• A real time of mixed grief and joy for Olga Boystov. Husband Denis is showing some slight improvement after his serious injury in what now appears to have been an accident and not an attack but there is a very long way to go. However on July 1 she gave birth to a baby daughter and the hope is that someday soon Denis will be able to appreciate the wonderful gift he and Olga have been given.

    Magomed Abdusalamov is showing signs of improvement. His wife said that there had been progress on the right side of his body and he has been trying to talk; now the specialists will be working to see if they can achieve any improvement on the left side

    Nice to hear that the Ghana Boxing Authority made a generous donation to Teddy Lamptey who suffered an amputation last year due to an infection. Lamptey was influential in the careers of former world champion David (Poison) Kotey, Azumah Nelson and Ike Quartey.

  • Good to see great boxers from the past being honoured. In Castanera Sur, Argentina they have unveiled a bronze statue to the “Mendoncino Lion” Pascual Perez. The great little flyweight was an outstanding amateur compiling a record of 125 fights and winning the Olympic gold medal at the Games in London in 1948. He turned pro in 1952 and was 51-0-1 in his first 52 fights becoming the first Argentinian world champion when he won the title from Yoshio Shira, Japan’s first world champion, in Tokyo in November 1954. He made 14 title defences some of which were not billed as defences but since both boxers were within the flyweight limit the title was at stake. His unbeaten streak of 52 fights was broken when he lost a decision to Sadao Yaoita in Japan in 1959 but knocked out Yaoita in a title defence the same year. He lost his title to Pone Kingpetch in 1960 and failed in a challenge to Kingpetch the same year. He kept boxing and won 29 fights in a row and was 82-3-1 before falling away in his last year and being 2-4 in six fights. Only 4’11” (150cm) tall he scored 57 wins by KO/TKO and I can still remember the doom and gloom in the Valleys when he knocked out Welsh hope Dai Dower in one round in a title defence in 1957. Dower was thought to have a good chance as he was 33-1 going into the fight but the “Mendocino Lion” ate him up in one bite. Perez died tragically early in 1977 at the age of 50. A true “Little Giant”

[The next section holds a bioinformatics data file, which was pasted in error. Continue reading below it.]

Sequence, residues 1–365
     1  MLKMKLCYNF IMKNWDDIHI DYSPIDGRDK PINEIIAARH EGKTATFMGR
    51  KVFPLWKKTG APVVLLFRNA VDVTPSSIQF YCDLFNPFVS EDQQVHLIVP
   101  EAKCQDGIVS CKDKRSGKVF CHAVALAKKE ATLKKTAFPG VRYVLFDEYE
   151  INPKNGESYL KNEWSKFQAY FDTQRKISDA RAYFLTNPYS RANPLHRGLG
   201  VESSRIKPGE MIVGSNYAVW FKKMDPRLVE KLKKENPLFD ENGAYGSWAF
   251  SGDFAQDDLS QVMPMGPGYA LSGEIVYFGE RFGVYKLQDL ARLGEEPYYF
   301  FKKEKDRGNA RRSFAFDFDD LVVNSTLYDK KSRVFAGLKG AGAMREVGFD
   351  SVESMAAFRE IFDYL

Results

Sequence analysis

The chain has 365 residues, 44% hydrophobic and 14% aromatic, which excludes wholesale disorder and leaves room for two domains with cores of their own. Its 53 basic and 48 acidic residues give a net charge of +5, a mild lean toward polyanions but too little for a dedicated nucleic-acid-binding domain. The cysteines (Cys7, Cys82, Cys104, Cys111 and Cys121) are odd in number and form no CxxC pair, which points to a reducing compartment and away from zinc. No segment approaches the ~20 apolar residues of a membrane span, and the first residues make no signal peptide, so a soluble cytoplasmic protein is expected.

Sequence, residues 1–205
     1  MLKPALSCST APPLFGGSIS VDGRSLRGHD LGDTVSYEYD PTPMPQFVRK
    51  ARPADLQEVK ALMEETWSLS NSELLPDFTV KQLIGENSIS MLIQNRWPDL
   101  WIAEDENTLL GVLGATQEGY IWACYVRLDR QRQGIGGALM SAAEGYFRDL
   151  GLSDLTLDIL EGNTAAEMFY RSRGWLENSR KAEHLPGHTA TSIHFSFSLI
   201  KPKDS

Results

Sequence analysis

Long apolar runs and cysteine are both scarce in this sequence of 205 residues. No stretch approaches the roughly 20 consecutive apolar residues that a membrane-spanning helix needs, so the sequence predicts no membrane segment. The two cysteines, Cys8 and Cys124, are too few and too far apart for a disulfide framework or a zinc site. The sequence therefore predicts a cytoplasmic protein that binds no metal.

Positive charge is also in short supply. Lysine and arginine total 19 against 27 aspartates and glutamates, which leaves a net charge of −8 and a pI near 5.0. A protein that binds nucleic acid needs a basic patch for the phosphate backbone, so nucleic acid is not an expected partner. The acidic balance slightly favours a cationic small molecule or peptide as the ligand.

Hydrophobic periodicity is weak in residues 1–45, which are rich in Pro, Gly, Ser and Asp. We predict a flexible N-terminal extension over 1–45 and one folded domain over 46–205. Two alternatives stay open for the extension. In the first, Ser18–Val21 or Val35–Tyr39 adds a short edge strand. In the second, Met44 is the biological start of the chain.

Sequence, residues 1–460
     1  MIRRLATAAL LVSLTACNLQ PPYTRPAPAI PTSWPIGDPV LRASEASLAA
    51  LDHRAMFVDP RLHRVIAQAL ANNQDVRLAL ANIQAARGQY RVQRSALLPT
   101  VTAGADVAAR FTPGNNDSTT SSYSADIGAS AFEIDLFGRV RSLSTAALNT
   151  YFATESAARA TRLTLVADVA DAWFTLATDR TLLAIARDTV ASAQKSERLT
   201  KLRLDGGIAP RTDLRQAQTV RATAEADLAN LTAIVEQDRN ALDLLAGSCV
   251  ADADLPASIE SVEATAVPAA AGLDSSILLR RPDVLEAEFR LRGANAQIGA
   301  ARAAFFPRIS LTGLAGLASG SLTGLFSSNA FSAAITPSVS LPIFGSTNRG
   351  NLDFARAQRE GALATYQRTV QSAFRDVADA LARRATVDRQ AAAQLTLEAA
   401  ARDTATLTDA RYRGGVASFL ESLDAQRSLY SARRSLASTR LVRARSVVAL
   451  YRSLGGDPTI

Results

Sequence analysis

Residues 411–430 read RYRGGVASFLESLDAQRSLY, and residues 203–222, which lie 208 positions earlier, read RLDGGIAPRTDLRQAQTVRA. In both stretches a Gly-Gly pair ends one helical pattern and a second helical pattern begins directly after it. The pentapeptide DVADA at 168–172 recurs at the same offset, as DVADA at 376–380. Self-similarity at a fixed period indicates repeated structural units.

• A show is being staged in East London South Africa in celebration of the life of Nelson Mandela who boxed a bit in his early days. It features two IBO title fights with Lwandile Sityatha defending the super fly title against fellow South African Gideon Buthelezi who is a former IBO minimum, light fly and super fly champion. Buthelezi must be the least known three division champion in boxing. He is also the only fighter to have beaten Hekkie Budler and in his last fight beat Namibian Immanuel Naidjala for the WBO African bantamweight title. Another all-South African affair sees Ali Funeka defending his IBO welter title against Tsiko Mulovhedzi No 31 in the IBO ratings.